A Special Time for Your Child
Children's birthdays can turn into complicated and sometimes uncomfortable events if you haven't planned how to handle them after your divorce. This is often included in your parenting plan. If not, you may want to add it. Remember the adage "a stitch in time saves nine?" Nowhere is this more true than with parenting plans!
Focus on What your Child Needs
Children love birthdays. It's a time when they get to feel very special. It's a day just for them that usually involves receiving presents and having cake and maybe even a party. Woo hoo!
One sure-fire way to ruin this special day for your child is to get into a tug-of-war with the other parent about who gets to spend time with the birthday boy or girl. This is your child's special day. What does he/she need to make it a day to remember?
Bigger isn't Always Better
- No conflict. Zero, zip, zilch, nada, none. Think how awful it would be for your child to look back on his 6th, 10th, or 14th birthday and remember, "Oh yeah, that was the day my mom called the police on my dad." Ouch! Not the kind of memory you want to record in a scrapbook. Parents, you have it within your power to control your conflict with the other parent. Please, use it.
- Parents who act like adults. This is your child's special day. Focus on what he/she wants and needs - not what you want (or think you need).
- Creative opportunities for your child to celebrate with both parents. This doesn't mean that you must celebrate all together. For some parents this might work, and for others it isn't even close to a good idea. It's all about eliminating stress and conflict for everyone. You have a lifetime of days to celebrate with your child. It will help greatly if you don't fixate on just one day. If it isn't your year to be with your child, celebrate the week before or after. Or alternate with the other parent so that one of you handles the party at home and the other attends a party at school or scouts or soccer club etc. I don't know many children (or adults for that matter) who would complain about having too many celebrations. In my family we joke about celebrating birth-months rather than birthdays.
Need help planning a great party? Birthday in a Box has tons of ideas with 115 party themes for kids from 1 - 12. All you do is pick a theme and Birthday in a Box will send you everything you need for a perfect party. In addition, the site is chock full of resources to help you pull off a party your child will love. You'll find party planning checklists, over 200 game ideas, crafts, and recipes, both edible and non-edible. In other words, everything you need.
- Ability/permission to use their gifts at either parent's home. I've heard sad stories from children who tell me that they got a very cool present but can only play with it when they are at mom's (or dad's). Put yourself in your child's shoes. How would you like it if you could only wear your favorite watch, or use that Blackberry, or drive your favorite car part of the time? I know I wouldn't like it. And I'm telling you, your kids don't like it either. Be generous and take the high road when it comes to your children's belongings.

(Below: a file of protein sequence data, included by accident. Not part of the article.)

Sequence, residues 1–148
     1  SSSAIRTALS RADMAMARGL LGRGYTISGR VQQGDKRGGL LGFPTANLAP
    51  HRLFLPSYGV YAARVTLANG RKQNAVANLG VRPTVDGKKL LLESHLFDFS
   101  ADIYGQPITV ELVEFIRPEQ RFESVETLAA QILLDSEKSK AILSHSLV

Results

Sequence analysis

Just for the record, I also want to say that children don't need big parties and expensive gifts. What they need is time with you. A colleague of mine says that children spell love with another four-letter word - TIME.
Don't Forget Grandparents and Extended Family
Your children's grandparents are going to want to celebrate too. Grandchildren are oh so important to grandparents. Sometimes in a divorce, grandparents and other extended family lose out on spending time with their grandchildren on important events and special occasions. This is a huge loss not only for the grandparents but also for your child. Be creative about finding ways to include grandparents, aunts and uncles, cousins and other important family members in your celebrations.
Children aren't the only ones in families who like to celebrate their birthdays. Parents also may want to celebrate by spending time with their children. Here are a few ideas that may help:
Take me from birthdays back home
- Help your child make or purchase a gift and/or card for the other parent. By doing so you are modeling generous, sensitive behavior for your child.
- Offer to switch parenting time or just give up some of your time so that your child can spend time with the other parent on his/her birthday.
- If the other parent lives in a different town, help (or remind if you have older children) your child make a special telephone call.
- Keep any differences you may have with the other parent to yourself. Don't put your child in the painful position of having to choose one parent over the other. This means watching what you say as well as monitoring your non-verbal behavior. Kids pick up on all of it.